It’s not unusual to find lots of misinformation about personality disorders, and histrionic personality disorder (HPD) is no different. This stems from a couple of things—a lack of thorough research on the subject and the stigmas surrounding mental illness. Here’s a look at five common HPD myths and where they go wrong.
- "People with HPD lack empathy."
It’s a common misconception that people with Histrionic personality disorder behave the way they do because they lack empathy for others. However, this is not necessarily the case—some would argue that the characteristics associated with HPD actually show great empathy. For example, the attention seeking behaviors and transgression of interpersonal boundaries can just as easily be interpreted as an attempt to entertain and make others feel valued as they can be a sign that someone is unaware of how his or her actions affect others.
- "People with HPD are responsible for their condition."
As with many mental illnesses, there are those who believe that people with histrionic personality disorder choose to act the way they do. However, this line of thinking raises the question as to why anyone would choose to act in such a way that makes them so socially unacceptable.
- "People are born with HPD."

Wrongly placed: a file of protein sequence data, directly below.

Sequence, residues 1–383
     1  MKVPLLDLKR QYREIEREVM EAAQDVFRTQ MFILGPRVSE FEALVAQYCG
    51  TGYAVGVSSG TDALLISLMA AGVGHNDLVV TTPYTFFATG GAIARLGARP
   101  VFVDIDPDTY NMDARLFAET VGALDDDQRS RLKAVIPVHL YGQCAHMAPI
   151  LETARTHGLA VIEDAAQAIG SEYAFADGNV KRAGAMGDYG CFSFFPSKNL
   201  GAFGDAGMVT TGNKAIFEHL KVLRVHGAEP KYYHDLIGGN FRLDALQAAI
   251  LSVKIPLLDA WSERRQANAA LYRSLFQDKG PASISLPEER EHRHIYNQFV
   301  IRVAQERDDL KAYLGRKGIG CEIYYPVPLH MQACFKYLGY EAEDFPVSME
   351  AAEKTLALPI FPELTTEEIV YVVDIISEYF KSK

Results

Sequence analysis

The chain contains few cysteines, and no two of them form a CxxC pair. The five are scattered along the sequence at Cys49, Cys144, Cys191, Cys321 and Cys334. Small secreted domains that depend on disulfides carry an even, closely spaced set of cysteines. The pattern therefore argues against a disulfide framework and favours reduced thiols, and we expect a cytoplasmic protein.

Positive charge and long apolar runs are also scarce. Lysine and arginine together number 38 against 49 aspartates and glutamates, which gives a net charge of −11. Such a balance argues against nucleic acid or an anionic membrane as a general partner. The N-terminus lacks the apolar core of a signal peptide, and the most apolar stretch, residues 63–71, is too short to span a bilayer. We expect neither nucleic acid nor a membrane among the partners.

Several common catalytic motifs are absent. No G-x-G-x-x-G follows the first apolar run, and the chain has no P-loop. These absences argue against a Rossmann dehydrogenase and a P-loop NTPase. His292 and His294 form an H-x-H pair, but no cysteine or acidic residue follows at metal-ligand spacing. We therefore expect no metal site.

While there is currently no consensus about the origins of HPD, it’s highly unlikely that is has a solely genetic basis. The characteristics associated with the condition are highly dependent on social norms that dictate how we interact with others, and since no one is born presocialized, there is no way that HPD could be present from birth.
- "People with HPD can’t live fulfilling lives."
While in some cases histrionic personality disorder may impair the everyday functioning of individuals, many people with the condition live full and satisfying lives. Certain symptoms, such as hypersexualized behavior, may open people up to health risks, but the biggest risk to patients is the social stigma attached to the condition. If a person is unconcerned with the opinions of others, he or she may not be worried about the social consequences of certain actions.
- "HPD affects all demographics."
It’s true that anyone can develop histrionic personality disorder, but according to statistics, women are much more likely to be diagnosed with the condition than men. The reason for this disparity is still unclear. Some would point to the genetic differences between men and women, while others would argue that the behaviors associated with HPD are culturally considered less problematic in men than women—leading to their higher diagnosis rates.